After the longest and hardest portage of my first trip through a place called “Howl Swamp,” we emerged at dusk to our surprise on a sandy beach. The portage was brutal, through mud and dense forest and the most mosquitoes I’d ever seen in my life. My arms shook with exhaustion as I attempted to keep my concentration away from the swarm of insects that had entered the hood of the canoe to bite my arms and face. The portage seemed to go on for miles, but all of a sudden my boots touched water and I flung the canoe off of my shoulders to see the expanse of a large, sparkling lake. We spent the next twenty minutes splashing in the shallows and rubbing sand on our muddy skin in the waning light.

Of course, this lake wasn’t our own discovery. Of course, hundreds, or even thousands, of people before us had come upon this very lake and paddled its water before us. Of course, long before the Boundary Waters was even categorized by the U.S. government, people had called this place home. Of course we knew this. But there is a difference between being awed and humbled by emptiness and wanting to conquer it.

When I threw off that canoe and witnessed the scene before me, my first thought wasn’t that this was all mine. My first thought was how big the clouds were and how their pink reflected off the water. My first thought was how clear it was, and how peacefully it lapped at the shore—the stillness and vastness of the scene before me. My first thought was, This is the farthest north I have ever been.


Radio Activity

by Jack Rockwell | Dispatches | Fall 2017

Drawings by Martina Hildreth

Historical memory in Columbia.

I’m standing on a roof in Tolima, Colombia, talking to a man in a red shirt named Juan Bermudez. We have both just attended a meeting with members of the Zona de Reserva Campesina Planadas, an organization that helps farmers secure titles to land that they’ve already been working for years. Their work is important, but the meeting room was hot, and the roof we are on has a cool breeze and a view that overlooks the city. Juan, who had mostly been observing in the meeting, has quick eyes and hands that move ever so slightly to the rhythm of his words.

Radio, he says to me, is the key. So many Colombians—especially out in the campo—get their news exclusively from the radio. Juan works for Marcha Patriotica, an organization dedicated to uniting pro-labor and human rights groups all over Colombia. He’s been developing a national framework to help collect and spread the stories of victims of state and military violence. Right now, he’s trying to convince me of the importance of the radio, and the power that it has to influence how millions of Colombians understand their nation’s history.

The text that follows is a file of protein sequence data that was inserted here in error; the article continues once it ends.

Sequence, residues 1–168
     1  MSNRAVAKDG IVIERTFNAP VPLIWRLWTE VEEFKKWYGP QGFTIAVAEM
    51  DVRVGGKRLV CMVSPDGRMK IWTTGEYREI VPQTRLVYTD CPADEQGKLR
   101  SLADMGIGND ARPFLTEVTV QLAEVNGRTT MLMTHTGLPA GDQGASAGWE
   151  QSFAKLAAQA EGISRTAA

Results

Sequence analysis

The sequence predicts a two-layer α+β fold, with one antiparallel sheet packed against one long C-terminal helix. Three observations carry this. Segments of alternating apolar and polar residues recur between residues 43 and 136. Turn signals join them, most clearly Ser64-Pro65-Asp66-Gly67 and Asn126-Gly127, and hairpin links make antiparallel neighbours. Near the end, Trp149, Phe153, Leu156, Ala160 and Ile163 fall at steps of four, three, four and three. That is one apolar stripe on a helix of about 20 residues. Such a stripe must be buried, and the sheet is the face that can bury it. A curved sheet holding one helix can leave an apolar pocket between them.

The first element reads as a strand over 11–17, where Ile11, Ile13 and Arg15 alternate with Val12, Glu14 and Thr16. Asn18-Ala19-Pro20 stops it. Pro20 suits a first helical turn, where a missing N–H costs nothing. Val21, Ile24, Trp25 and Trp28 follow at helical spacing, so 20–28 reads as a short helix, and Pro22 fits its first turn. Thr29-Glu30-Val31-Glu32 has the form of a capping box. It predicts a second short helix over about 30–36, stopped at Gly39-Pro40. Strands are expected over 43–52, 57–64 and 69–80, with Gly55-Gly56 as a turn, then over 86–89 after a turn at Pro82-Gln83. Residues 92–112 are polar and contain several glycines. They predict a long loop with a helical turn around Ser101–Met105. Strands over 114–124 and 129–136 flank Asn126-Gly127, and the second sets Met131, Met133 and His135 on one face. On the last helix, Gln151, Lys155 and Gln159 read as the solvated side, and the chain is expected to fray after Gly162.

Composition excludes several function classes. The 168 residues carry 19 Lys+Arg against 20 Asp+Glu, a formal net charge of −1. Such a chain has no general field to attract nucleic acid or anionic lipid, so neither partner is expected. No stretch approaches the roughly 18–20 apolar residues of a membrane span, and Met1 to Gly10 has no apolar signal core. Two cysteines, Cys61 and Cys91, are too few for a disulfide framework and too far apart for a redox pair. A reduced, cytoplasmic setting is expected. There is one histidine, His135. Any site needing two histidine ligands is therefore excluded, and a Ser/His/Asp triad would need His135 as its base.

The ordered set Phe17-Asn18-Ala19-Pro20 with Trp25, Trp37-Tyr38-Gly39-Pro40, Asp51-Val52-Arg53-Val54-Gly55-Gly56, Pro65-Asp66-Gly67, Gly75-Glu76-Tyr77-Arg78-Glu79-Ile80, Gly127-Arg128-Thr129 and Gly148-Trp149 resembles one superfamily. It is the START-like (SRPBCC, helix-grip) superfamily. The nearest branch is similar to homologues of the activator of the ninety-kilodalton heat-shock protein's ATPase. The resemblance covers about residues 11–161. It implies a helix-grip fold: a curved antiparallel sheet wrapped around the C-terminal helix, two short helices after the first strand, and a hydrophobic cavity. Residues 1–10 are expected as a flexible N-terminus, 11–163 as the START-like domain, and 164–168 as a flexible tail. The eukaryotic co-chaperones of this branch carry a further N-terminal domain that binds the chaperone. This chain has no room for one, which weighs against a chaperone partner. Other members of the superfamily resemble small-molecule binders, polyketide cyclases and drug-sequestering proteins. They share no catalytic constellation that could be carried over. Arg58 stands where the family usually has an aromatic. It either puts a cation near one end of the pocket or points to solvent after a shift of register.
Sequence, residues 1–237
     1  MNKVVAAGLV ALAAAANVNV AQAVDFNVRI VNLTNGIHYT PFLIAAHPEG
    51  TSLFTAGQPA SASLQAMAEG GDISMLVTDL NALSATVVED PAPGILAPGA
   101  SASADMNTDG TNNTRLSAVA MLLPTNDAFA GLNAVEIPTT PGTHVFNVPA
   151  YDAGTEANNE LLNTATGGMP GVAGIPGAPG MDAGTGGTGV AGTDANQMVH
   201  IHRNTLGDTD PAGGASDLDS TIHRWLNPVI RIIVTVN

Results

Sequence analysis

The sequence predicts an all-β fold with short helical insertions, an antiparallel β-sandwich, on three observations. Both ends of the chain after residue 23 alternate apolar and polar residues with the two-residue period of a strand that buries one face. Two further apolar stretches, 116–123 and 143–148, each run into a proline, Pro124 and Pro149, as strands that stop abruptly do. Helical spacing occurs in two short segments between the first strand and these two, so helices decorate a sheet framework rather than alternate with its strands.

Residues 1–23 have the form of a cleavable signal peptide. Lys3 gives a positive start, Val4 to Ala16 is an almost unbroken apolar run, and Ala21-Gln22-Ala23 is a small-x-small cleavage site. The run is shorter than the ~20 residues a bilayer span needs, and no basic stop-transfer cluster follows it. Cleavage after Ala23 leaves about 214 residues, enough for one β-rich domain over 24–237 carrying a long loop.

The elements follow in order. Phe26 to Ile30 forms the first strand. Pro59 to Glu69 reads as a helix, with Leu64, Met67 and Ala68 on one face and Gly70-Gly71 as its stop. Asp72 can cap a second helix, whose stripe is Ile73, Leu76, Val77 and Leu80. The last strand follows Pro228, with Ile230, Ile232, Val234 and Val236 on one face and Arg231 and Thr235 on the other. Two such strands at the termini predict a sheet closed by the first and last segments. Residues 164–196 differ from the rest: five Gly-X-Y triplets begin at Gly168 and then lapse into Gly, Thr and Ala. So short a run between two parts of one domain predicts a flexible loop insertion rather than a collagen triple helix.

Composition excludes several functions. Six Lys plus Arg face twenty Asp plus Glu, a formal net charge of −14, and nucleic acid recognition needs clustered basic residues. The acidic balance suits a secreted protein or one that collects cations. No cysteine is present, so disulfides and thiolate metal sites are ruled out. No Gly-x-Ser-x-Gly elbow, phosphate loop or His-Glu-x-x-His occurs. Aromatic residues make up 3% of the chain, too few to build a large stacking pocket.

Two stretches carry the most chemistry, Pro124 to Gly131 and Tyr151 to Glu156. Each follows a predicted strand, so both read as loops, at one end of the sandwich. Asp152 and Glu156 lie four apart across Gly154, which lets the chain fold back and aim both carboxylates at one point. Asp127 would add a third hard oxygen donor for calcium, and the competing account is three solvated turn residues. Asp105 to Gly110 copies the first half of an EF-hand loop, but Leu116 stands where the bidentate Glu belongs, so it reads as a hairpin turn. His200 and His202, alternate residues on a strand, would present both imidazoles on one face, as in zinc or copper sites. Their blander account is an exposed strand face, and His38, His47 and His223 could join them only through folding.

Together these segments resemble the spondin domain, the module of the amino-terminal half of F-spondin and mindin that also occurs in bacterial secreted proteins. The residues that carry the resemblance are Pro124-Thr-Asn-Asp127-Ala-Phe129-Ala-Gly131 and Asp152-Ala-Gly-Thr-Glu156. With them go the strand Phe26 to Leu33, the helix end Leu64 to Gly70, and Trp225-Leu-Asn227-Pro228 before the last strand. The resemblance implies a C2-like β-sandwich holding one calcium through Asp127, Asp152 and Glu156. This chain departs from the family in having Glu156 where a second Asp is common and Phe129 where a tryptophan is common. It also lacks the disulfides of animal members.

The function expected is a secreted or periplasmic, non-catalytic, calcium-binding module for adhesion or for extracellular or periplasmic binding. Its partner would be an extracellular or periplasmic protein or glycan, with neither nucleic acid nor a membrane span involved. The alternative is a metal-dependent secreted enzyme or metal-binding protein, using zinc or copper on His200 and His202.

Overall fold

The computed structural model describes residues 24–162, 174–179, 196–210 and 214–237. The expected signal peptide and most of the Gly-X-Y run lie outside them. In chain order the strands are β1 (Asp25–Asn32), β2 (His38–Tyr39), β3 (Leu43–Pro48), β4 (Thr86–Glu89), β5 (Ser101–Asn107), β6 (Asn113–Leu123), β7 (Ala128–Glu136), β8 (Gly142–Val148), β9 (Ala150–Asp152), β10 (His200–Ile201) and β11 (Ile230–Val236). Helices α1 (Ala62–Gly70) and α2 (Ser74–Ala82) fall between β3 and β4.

This past July, I spent ten days in Colombia travelling with an organization called the Alliance for Global Justice (AfGJ), which—among other things—organizes delegations that facilitate networking between humanitarian and social justice groups throughout the Americas. From June 30 to July 10, we met with dozens of representatives from all sorts of groups. I learned about their work, which included advocating for the peace process, assisting labor organizations, supporting victims of political violence, advocating for political prisoners, providing legal support for the Fuerzas Armadas Revolucionarias de Colombia—Ejército del Pueblo (FARC-EP), and more.

Juan, like so many left-leaning political and human rights activists in Colombia, operates at a delicate intersection of personal secrecy and political broadcasting. He wants his ideas to reach as many people as possible, but would fear for his life if the wrong people were to learn his name. Political violence has been the modus operandi for powerful Colombian operatives since long before the formation of the nation as it exists today. During the Cold War, the U.S. provided funding, training, and weapons to the current Colombian government to exterminate communists. In response to a particularly brutal set of killings of unarmed left-wing populists from 1948 to 1958, the FARC-EP formed as the armed wing of the Colombian Communist party. For more than 50 years they waged guerrilla warfare from the mountains, in a conflict estimated by Al Jazeera and the Washington Post to have left more than 200,000 dead and seven million displaced.


On November 30, 2016, the Congress of the Colombian government unanimously ratified a peace treaty with the FARC-EP, officially ending the conflict. Surprisingly, the treaty that would end the war was rejected by the Colombian people in a popular plebiscite on October 2, with 50.2 percent voting against its ratification to 49.8 percent voting in favor. Though this rejection was overruled and the modified treaty passed a month later, it raises certain questions to those unfamiliar with the conflict: Why would so many Colombians vote against ending such a destructive war?

The answer lies within the deep divisions between how various Colombian actors and groups understand the history of their country, divisions that Juan is trying to cross with his radio campaign. Luis Fernando Lugo explained this discord to me. Luis, who is the Secretary of International Relations for the Federación de Estudiantes Universitarios (FEU) at the National University of Colombia’s Bógota campus, spoke to us clearly, with a confident smile, and he seemed optimistic, even if the content of his speech is grimly pragmatic. He told us, During the war, guerrilleros were not widely considered real people with dreams and aspirations. The only thing on people’s minds was killing them and winning the war.